In Tikrit, Saddam Hussein’s hometown, a time bomb exploded in the clinic of Ameera al-Rubaie, the wife of the governor of Salahuddin Province, according to Agence France-Presse, which quoted the local police. Dr. Rubaie, a gynecologist, was killed and four of her patients were wounded, the police said, according to the wire service.

In Baquba, north of Baghdad, the mayor of the Um Al Nawa district was assassinated by gunmen, the ministry official said. In the Shiite holy city of Karbala, a drive-by shooting killed two workers in the central market, according to the Interior Ministry official.

An engineer and his bodyguard were assassinated on their way to work in Kirkuk on Tuesday morning, according to Col. Adel Zain Alabdin of the Iraqi police. A car bomb in Mosul l killed two people and wounded four, the police said. [emphasis added]

The above is a NYT report on one day of violence in Iraq – Tuesday of this week – as noted by Michael Crowley at the Plank. Some days have been better, some much worse. This Times of London report, as AS right states, is equally as grueling. My comment is not so much about these incidents per se, but rather the sum human cost of the war. In many respects, I can sympathise with the humanitarian rationales for the war. Particularly those expressed on this site. I am a strong supporter of humanitarian interventions, under strict conditions and with the types of coalitions, and skill sets, that I believe are essential to the post-conflict nation building process.

On balance, at the time, however, I was against the war based largely on an equation of the human costs. Or more accurately, the combination of the risk of an incredibly difficult post-invasion period, combined with a lack of planning, capability, desire, and coalition to effectively deal with this nation building project. UN support, for me, was not a matter of ‘what the world thinks’, but rather a combination of getting access to the necessary skill sets (imperfect but evolved over numerous post-cold war missions), and local/regional legitimacy, that is essential in post-conflict environments. The humanitarian equation, for me, did not add up.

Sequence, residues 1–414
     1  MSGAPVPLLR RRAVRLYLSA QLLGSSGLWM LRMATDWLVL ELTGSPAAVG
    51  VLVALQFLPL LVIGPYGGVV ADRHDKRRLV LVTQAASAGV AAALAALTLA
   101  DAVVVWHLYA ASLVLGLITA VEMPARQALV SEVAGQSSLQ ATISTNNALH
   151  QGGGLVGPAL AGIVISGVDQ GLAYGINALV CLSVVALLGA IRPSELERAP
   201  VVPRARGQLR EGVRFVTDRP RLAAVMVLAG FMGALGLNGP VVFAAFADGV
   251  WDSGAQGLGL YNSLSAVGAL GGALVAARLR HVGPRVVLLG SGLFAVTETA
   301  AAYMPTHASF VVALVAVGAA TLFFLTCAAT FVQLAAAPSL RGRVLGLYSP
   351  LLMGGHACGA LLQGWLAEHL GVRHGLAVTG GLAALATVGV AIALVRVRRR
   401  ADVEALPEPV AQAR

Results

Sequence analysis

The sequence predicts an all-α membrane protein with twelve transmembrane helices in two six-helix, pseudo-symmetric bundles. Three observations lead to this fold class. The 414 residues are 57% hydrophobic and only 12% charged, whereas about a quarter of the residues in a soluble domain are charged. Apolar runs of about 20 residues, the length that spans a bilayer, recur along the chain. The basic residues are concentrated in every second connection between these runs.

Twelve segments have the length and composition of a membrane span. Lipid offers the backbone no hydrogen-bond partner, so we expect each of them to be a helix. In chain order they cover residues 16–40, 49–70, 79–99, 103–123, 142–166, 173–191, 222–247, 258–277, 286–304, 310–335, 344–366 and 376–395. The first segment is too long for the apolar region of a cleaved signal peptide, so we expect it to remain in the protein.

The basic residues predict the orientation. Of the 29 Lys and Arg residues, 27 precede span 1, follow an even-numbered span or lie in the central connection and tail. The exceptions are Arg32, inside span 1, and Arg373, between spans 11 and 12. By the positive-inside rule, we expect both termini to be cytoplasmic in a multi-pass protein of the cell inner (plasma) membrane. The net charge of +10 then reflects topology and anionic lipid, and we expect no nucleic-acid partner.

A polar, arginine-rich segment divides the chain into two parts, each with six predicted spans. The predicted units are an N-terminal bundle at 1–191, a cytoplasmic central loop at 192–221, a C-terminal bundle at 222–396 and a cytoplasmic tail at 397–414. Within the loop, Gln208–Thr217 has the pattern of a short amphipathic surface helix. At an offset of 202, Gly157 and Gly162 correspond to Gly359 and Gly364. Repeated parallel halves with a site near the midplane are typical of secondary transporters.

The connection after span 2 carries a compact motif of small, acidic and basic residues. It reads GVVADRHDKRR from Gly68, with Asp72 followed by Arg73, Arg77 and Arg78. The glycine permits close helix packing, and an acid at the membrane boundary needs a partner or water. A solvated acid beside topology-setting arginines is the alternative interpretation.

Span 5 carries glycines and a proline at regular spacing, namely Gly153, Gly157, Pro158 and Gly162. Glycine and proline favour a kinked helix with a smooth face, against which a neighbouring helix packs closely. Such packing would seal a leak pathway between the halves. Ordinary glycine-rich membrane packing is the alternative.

Of course others had different equations. There has been much talk lately about the 1% doctrine, for example – this is not really a humanitarian argument though. One of Blair’s many calculations was that he could convince the US to accept the greater UN involvement that he knew was needed, immediately after the fall of Baghdad. This of course, for numerous reasons, proved incorrect.

If one’s goals are humanitarian, then this human cost equation is of primary relevance.

My question then is this. For the war’s supporters, is the human cost of the war academic? Do the causalities, or the many days like this past Tuesday, alter the overarching rationale for the war? Or, do the intentions of the war, and the eventual end state (if positive), trump any number of deaths, or any amount of brutality, in the interim? This question is at the center of much of the debate on humanitarian intervention more generally, and I think can, and should, be asked of Iraq.

On a similar note, O’Hanlon, an advocate of humanitarian intervention for which I have great sympathy, last week had a good op-ed on the humanitarian side of the reconstruction effort – how it has faltered and where it might go. Incomplete, yes, but some decent ideas.

Global Issues

Living Civil War

LIVING CIVIL WAR: While I am in full support of all of the proper attention – if not action – that has been paid to Darfur over the past two years, the conflicts in Congo and Northern Uganda, despite horrific humanitarian costs, have received markedly less attention. I’ll return to Northern Uganda in a later post, but for a number of reasons, it is worth noting a recent, and in my view superb, article on the Congo in April’s Harpers (sorry not online).